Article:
tracheostomy. The availability of TPD has played a role in the promotion of
However, this could mean that patients who previously would not have received a
tracheostomy now do so. Finally, it must be remembered that the tracheostomy, despite
the technique, is still not risk-free. There are several ongoing clinical trials to clarify the
optimal timing of tracheostomy [33-35].
Until such data are available, the authors of this paper recommend that tracheostomy
be performed in those patients who anticipate a duration of more than 10 days of translaryngeal mechanical ventilation, performing the procedure as soon as said clinical
course is identified
Weakness of the tracheostomy
As with TET extubation, the most reliable indication for tracheostomy decannulation is
when there is no need for airway protection or mechanical ventilation. Over time,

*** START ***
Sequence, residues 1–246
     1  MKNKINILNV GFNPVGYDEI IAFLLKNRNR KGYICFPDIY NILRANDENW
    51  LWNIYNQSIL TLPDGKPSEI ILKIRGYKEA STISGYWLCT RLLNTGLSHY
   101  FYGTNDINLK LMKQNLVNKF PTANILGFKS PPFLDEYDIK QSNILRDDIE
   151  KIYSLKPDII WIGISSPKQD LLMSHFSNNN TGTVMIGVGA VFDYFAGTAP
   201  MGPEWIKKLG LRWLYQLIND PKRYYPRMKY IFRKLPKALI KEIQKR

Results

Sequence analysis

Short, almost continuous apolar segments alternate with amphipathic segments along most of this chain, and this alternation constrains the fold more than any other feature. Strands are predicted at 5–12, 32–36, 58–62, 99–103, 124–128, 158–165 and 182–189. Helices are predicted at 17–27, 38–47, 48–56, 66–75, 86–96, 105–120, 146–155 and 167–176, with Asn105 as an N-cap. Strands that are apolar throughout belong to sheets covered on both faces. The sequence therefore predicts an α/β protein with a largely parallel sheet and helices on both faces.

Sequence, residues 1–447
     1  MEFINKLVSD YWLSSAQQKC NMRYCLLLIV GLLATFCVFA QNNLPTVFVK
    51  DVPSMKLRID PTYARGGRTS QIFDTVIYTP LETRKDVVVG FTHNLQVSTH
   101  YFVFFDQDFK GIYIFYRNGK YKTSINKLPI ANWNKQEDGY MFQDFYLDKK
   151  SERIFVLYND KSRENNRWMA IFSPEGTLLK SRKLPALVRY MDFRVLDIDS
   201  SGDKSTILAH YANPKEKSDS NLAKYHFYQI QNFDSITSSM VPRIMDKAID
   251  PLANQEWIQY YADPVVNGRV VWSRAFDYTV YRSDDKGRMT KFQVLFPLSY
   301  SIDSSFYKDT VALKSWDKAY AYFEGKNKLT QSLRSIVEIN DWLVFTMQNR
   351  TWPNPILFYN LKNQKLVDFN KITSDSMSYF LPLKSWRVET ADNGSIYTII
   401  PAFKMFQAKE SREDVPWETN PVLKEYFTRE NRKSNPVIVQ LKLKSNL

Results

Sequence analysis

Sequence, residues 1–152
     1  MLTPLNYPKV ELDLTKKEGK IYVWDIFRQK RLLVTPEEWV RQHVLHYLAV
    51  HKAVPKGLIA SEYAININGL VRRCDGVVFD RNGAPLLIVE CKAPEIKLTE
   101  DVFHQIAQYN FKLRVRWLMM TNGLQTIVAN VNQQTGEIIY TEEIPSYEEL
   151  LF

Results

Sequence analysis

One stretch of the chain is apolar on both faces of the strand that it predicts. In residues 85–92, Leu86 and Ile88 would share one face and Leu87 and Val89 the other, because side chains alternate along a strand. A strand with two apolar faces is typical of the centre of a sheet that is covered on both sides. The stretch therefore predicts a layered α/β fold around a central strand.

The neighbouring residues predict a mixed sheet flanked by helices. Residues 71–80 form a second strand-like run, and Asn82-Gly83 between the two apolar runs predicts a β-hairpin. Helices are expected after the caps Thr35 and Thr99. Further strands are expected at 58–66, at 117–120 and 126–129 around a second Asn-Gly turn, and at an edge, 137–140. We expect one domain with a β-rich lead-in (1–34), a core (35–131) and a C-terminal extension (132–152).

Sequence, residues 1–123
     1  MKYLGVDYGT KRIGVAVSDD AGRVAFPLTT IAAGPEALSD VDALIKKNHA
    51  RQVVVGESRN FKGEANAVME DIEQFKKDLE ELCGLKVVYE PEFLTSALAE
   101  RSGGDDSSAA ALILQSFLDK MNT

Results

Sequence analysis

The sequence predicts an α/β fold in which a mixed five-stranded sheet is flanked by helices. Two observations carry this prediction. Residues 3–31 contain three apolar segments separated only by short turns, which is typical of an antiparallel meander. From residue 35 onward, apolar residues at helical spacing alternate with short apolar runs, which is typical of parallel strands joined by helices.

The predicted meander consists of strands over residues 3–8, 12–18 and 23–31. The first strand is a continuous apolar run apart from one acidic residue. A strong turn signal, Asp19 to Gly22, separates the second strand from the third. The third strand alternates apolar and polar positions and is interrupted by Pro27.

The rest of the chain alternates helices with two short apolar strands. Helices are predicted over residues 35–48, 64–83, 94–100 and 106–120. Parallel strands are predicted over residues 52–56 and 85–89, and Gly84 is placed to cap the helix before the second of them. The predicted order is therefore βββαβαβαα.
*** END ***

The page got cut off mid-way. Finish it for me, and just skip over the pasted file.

patients may have decreased the size of their tracheostomy tubes or switched to
fenestrated or non-cuffed tubes.
These measures increase the flow of air through or around the tube, respectively. This,
in turn, enables sufficient airflow to allow the external tracheostomy to be plugged and
to facilitate speech . Speech in patients can increase motivation and speed
recovery. This can also be promoted by placing a unidirectional valve on the
tracheostomy to allow airflow over the throat during expiration. The most common
example is the Passy-Muir tracheostomy valve (Passy-Muir, Inc.).
Specific strategies for weaning and decannulation often depend on the institution. Some
consider them once the patient has had the tube covered for 48 hours or more, while
others consider them when a valve for speech is tolerated .
Closure is usually attempted after confirming the air passage around the deflated
cuff. This is assessed by listening at neck level or by measuring the difference between
volume at the end of inspiration and expiration . Importantly, a non-fenestrated tube
should never be capped without deflating the cuff, nor should a speech valve be applied